Teacher Training at New Hall

What is a PGCE?

A PGCE is a Postgraduate Certificate in Education that allows University graduates to train and prepare for teaching careers. Qualified Teacher Status (QTS) is a requirement in all UK state schools, and many UK independent schools require QTS as an internal policy.

Do I need a PGCE to work at New Hall?

Yes. At New Hall, we feel that rigorous training allows our teachers to be the best they can possibly be, which in turn creates a more productive learning environment for our students, who are our constant priority. No matter whether they are just starting out in their career or have twenty years under their belt, all teachers can and should strive to improve their teaching, and our commitment to PGCE training reflects this belief.

But we also understand that learning on the job can be more effective than reading theory, and that graduates want to get their hands-on experience and a salary as quickly as possible. That’s why we choose to invest in future teachers, allowing them to study their PGCE here at New Hall, alongside teaching and earning right from day one.

How does teacher training at New Hall work?

Graduates who are keen to train as teachers are able to apply for a one-year training contract as a Graduate Teacher at New Hall.  In addition to the salary offered for this post, and accommodation for those trainees who are attached to a boarding house, the School fully funds the cost of the training.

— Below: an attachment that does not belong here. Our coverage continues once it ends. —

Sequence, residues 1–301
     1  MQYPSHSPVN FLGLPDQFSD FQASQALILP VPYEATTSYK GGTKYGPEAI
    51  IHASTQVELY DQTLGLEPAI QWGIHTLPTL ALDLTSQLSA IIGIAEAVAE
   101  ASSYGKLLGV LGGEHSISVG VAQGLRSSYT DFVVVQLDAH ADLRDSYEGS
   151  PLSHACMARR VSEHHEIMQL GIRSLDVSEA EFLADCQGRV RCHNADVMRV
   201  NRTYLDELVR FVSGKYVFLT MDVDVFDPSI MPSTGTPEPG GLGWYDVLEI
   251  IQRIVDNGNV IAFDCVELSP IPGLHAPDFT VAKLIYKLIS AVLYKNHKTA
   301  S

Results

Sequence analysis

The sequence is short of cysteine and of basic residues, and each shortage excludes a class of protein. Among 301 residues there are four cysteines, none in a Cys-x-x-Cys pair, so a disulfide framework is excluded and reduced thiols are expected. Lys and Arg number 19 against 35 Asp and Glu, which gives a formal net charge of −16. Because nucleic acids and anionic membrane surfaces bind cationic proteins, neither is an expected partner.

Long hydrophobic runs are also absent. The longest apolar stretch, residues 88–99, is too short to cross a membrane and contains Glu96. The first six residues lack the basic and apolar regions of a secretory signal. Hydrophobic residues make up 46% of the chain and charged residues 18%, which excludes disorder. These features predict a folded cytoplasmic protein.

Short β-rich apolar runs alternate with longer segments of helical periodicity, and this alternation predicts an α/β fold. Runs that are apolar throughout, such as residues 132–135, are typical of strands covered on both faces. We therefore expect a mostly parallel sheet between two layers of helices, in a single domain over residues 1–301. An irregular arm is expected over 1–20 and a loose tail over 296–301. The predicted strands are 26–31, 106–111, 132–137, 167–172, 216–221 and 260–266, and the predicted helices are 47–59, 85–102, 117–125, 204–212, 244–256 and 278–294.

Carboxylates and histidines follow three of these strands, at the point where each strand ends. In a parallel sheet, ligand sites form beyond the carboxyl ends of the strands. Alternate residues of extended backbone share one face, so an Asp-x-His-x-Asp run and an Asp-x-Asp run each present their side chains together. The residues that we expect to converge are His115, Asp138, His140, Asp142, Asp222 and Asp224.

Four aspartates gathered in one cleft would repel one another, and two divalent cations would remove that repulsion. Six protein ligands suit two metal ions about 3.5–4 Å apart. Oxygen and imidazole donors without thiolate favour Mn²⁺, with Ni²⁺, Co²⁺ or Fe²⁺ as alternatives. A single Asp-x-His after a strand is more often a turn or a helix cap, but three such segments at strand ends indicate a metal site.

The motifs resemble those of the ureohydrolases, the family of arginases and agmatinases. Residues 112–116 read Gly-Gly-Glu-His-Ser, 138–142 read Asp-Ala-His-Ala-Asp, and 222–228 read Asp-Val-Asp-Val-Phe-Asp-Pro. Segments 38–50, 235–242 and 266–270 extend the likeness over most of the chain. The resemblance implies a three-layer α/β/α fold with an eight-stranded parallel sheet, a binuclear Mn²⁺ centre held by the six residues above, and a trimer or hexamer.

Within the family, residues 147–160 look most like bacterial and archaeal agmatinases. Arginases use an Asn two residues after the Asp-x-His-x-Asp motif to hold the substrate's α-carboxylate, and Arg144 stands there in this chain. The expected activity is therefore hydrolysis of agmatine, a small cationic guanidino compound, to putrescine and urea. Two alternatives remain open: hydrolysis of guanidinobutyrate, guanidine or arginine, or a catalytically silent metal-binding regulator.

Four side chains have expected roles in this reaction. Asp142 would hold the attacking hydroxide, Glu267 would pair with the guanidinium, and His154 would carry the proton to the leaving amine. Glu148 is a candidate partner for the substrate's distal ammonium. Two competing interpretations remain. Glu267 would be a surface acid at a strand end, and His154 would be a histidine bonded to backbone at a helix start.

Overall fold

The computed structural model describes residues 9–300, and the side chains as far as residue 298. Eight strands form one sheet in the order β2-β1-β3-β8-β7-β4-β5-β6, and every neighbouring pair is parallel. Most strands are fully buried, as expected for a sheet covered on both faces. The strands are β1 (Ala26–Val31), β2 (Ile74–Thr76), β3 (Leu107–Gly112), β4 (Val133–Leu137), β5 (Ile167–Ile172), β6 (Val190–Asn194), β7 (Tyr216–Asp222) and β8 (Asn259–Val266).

Each trainee is provided with a mentor for the academic year who supports them in completing the PGCE (with QTS).  All of the New Hall mentors are outstanding teachers with significant skills and experience; many of the mentors are Heads of Department and/or members of the Senior Leadership Team.  The mentor acts as a supportive guide to the trainee, modelling best practice and meeting with them on a weekly basis to guide them through both the theory and practice of the teacher training process.  Trainees will have the opportunity to observe a range of teachers in order to observe best practice and develop the skills of effective pedagogy.

Some trainees choose to stay on at New Hall and develop their careers with us, whilst others move on to different independent schools.

New Hall also has an extensive support programme for Newly Qualified Teachers (NQTs), working in partnership with IStip.  Every year, NQTs are assigned a mentor and encouraged to participate in the School’s teacher training programme and ‘sharing best practice’ sessions.

What makes New Hall’s teacher training special?